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CASE FILES: BIOCHEMISTRY
A N SW E R S TO CASE 25: IRRITABLE BO W EL SYNDR O M E
Summary:
A 38-year-old female complains of alternating constipation and
diarrhea associated with times of stress and abdominal cramping and bloating
relieved with bowel movements. She is prescribed a cellulose dietary
supplement.
Diagnosis: Irritable bowel syndrome.
Biochemical mechanism: Cellulose-containing foods are not digestible
but swell up by absorbing water and correlate with larger softer stools.
The increase in dietary fiber also increases the intestinal transit time and
decreases the intracolic pressure, thereby decreasing the symptoms of
irritable bowel.
C L IN IC A L C O R R E L A T IO N
Irritable bowel syndrome affects many individuals in Western countries, and it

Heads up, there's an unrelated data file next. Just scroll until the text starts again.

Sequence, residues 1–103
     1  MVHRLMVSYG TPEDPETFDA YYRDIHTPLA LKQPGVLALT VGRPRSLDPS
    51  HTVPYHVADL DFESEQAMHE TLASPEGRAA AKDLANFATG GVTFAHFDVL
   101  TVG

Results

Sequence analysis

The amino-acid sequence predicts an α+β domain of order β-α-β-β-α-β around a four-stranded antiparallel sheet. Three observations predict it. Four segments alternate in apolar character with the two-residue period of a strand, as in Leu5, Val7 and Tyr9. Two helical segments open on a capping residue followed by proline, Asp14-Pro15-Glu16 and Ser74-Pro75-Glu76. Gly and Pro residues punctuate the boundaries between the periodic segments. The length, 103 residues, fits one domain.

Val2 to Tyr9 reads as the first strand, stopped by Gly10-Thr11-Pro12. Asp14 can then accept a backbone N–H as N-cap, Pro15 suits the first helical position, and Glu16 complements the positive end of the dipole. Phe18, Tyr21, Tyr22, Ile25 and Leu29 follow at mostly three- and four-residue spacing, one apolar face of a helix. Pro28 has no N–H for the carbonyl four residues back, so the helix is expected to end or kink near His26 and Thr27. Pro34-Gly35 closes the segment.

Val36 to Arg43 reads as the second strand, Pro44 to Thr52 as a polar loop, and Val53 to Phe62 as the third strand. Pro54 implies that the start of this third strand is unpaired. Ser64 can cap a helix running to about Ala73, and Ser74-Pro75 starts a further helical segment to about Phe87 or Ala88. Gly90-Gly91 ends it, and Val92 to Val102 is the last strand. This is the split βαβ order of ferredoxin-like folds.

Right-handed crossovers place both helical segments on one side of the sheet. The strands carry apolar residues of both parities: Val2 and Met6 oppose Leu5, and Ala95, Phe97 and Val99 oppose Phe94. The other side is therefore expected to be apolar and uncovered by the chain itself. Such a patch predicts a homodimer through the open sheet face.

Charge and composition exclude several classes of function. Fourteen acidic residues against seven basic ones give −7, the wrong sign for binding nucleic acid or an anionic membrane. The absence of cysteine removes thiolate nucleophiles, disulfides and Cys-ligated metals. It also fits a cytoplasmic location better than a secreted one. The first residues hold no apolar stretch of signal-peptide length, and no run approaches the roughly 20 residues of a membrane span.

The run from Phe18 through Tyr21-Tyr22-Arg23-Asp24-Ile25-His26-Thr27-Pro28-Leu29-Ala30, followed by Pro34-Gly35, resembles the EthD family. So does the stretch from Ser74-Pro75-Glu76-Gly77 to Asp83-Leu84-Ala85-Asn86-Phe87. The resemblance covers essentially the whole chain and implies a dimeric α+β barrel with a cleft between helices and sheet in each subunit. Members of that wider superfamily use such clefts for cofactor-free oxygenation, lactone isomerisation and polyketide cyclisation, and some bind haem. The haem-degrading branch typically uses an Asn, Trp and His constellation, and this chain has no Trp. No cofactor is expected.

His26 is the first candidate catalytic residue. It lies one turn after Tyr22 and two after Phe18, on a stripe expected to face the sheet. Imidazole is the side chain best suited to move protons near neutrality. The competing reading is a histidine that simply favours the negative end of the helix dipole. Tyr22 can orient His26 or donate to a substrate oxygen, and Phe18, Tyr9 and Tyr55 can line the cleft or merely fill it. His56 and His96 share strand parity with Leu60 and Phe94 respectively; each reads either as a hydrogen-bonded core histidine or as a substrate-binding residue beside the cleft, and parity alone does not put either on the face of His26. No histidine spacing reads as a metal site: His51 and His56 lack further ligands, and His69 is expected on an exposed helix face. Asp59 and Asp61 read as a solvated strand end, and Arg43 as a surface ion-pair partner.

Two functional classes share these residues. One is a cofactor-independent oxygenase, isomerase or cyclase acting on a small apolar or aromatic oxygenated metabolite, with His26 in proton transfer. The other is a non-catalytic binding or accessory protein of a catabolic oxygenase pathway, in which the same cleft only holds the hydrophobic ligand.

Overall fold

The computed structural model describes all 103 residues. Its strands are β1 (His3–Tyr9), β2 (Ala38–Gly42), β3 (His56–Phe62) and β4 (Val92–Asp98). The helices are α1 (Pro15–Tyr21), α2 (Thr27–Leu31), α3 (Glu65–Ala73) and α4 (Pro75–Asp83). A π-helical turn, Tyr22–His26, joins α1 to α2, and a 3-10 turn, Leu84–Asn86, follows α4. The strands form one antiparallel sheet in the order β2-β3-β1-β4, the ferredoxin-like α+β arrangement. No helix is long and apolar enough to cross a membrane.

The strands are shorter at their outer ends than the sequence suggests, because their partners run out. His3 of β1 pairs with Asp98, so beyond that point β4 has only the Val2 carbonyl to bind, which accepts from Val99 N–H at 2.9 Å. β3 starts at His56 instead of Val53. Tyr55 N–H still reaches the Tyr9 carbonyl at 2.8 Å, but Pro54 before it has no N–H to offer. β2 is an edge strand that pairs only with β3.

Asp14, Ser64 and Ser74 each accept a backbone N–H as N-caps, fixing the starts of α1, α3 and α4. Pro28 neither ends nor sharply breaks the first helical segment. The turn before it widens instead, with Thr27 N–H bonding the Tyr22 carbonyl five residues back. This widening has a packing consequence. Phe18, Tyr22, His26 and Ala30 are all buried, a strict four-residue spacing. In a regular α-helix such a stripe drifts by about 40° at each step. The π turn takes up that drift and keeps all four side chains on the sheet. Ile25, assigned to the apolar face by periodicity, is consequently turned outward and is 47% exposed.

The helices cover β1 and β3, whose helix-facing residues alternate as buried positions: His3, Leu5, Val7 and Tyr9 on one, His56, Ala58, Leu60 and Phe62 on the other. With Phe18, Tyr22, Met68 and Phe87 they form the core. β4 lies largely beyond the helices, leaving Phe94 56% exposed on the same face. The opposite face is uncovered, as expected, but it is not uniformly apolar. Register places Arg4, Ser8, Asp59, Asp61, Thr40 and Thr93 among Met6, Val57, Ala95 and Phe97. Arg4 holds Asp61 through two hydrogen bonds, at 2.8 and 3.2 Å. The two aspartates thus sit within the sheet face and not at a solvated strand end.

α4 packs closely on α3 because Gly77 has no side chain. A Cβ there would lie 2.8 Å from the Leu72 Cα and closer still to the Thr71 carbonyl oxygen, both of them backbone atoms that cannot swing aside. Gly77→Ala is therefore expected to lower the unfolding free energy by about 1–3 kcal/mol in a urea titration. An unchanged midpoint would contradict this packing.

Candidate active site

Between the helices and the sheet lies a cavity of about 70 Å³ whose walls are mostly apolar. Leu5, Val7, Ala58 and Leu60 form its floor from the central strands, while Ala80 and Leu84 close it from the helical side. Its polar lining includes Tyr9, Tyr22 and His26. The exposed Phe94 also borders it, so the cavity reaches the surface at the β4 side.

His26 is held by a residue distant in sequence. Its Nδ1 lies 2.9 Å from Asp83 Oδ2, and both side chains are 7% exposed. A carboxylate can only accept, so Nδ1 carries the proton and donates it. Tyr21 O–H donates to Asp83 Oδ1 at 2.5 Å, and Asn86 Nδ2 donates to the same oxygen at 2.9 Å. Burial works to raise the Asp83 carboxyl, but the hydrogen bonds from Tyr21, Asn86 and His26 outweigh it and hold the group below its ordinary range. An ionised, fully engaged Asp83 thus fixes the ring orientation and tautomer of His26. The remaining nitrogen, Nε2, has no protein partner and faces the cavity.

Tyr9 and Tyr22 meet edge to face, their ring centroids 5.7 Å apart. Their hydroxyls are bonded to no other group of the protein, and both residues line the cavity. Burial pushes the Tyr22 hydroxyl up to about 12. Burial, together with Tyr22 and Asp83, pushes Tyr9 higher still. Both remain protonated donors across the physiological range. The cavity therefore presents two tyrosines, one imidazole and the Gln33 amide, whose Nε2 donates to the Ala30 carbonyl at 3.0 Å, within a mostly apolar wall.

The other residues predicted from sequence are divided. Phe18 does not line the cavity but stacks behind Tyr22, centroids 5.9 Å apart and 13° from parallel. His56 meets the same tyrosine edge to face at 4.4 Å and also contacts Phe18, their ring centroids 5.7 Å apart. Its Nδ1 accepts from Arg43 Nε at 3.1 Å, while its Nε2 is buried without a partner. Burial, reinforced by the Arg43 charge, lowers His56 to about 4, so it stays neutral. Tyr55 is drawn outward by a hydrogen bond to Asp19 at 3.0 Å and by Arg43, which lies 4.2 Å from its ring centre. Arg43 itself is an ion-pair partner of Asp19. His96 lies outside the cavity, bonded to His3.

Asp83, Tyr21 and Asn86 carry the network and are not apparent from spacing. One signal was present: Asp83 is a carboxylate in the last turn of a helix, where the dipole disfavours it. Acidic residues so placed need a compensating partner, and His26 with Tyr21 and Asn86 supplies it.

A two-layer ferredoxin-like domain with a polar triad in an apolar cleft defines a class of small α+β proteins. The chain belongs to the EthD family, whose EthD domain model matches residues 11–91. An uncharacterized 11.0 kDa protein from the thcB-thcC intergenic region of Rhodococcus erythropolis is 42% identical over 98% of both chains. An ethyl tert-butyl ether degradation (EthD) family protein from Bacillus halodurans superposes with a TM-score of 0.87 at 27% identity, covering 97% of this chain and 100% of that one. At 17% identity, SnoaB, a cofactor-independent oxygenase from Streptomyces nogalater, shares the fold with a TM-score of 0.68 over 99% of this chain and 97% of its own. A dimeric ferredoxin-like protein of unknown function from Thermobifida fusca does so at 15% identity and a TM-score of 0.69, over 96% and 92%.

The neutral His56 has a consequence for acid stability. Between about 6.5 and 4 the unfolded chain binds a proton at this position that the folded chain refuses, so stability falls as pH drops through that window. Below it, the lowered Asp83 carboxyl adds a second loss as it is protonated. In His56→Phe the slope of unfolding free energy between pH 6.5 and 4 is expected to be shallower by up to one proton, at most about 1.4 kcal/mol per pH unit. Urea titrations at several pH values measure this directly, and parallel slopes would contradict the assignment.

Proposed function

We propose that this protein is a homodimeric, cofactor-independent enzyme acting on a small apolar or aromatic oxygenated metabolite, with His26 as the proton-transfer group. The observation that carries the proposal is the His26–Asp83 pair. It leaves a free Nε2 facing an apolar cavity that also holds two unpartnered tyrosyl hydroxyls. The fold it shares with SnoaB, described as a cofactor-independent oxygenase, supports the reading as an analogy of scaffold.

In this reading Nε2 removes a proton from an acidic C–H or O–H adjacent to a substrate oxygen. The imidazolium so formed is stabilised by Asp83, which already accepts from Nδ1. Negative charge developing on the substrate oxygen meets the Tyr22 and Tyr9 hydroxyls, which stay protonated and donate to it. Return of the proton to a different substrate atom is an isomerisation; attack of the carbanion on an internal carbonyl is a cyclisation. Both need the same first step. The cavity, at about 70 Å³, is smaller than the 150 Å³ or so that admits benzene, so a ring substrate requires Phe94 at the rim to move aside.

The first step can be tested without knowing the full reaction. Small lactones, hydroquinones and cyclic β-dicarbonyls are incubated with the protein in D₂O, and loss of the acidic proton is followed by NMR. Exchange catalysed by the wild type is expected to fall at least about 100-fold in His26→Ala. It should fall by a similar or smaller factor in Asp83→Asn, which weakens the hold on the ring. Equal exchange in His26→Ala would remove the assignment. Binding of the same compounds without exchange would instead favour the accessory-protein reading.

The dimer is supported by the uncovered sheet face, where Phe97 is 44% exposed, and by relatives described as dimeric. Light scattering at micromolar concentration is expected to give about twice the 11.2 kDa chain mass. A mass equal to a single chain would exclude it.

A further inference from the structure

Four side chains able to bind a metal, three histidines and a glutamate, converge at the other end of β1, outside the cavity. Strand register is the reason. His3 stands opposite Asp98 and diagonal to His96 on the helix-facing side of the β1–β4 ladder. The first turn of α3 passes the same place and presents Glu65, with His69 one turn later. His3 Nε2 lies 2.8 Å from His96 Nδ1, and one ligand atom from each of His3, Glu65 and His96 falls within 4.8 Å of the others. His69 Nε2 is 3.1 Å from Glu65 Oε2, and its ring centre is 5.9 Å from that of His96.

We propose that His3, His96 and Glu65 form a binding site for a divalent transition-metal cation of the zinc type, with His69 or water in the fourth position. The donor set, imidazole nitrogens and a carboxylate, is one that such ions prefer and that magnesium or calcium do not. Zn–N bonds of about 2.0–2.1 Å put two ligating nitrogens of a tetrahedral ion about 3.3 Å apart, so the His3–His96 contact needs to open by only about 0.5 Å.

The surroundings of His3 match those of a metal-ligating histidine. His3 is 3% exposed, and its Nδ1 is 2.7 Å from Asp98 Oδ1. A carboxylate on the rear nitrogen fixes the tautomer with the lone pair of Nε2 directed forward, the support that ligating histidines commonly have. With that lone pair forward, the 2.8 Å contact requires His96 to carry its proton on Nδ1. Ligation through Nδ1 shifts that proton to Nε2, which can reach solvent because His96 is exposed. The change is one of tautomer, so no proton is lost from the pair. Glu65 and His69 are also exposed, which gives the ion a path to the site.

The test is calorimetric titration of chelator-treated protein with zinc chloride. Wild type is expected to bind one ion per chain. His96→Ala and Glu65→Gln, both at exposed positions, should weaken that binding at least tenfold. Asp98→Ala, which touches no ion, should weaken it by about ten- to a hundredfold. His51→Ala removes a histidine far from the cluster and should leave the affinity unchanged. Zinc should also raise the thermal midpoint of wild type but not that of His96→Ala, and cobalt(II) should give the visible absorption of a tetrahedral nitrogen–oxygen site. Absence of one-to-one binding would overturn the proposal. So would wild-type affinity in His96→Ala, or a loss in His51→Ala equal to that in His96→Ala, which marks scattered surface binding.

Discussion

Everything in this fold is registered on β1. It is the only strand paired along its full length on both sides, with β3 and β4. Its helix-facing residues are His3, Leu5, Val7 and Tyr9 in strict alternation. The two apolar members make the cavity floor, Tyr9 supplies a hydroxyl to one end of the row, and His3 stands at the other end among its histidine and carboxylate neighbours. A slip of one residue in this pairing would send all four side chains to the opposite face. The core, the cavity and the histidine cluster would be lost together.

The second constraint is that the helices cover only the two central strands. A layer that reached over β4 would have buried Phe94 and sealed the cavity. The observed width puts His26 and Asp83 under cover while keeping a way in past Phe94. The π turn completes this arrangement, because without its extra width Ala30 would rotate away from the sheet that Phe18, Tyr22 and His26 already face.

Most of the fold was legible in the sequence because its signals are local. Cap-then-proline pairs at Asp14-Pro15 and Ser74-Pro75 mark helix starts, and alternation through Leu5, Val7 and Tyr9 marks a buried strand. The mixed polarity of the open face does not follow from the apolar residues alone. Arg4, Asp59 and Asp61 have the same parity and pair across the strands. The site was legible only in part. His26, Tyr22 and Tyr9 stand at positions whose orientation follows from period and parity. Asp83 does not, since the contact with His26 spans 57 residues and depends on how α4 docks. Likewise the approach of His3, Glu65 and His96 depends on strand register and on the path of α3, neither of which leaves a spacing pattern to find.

manifests as abdominal cramping and bloating in the absence of disease. It is
thought to be caused by increased spasms of the intestines. Constipation with
or without episodes of diarrhea may be seen. Weight loss, fever, vomiting,
bloody stools, or anemia would be worrisome and should not be attributed to
irritable bowel syndrome. Typically, affected patients are anxious and may be
under stress. After ruling out other disease processes, a trial of fiber-containing
foods, stress reduction, and avoidance of aggravating foods are effective ther-
apies. Patients should be advised to avoid laxative use. Rarely antispasmodic
or antiperistaltic agents can be used. Notably, increased fiber in the diet may
also decrease the absorption of fats and may lower the risk of colon cancer.
A PPR O A C H TO IN D IG E ST IB L E PO L Y SA C C H A R ID E S
O bjectives
1.
Know about the indigestible polysaccharides.
2.
Be aware of P-1,4 cellulose bonds.
3.
Know about the major types of fiber.
D efinitions
Cellulose: A polysaccharide composed of P-
D
-glucopyranose units joined
by a P(1—>4) glycosidic bond, which is not hydrolyzed by enzymes in
the digestive tracts of humans.
Gums: Complex polysaccharides composed of arabinose, fucose, galac-
tose, mannose, rhamnose, and xylose. Gums are soluble in water and,
because of their mucilaginous nature, slowly digestible.
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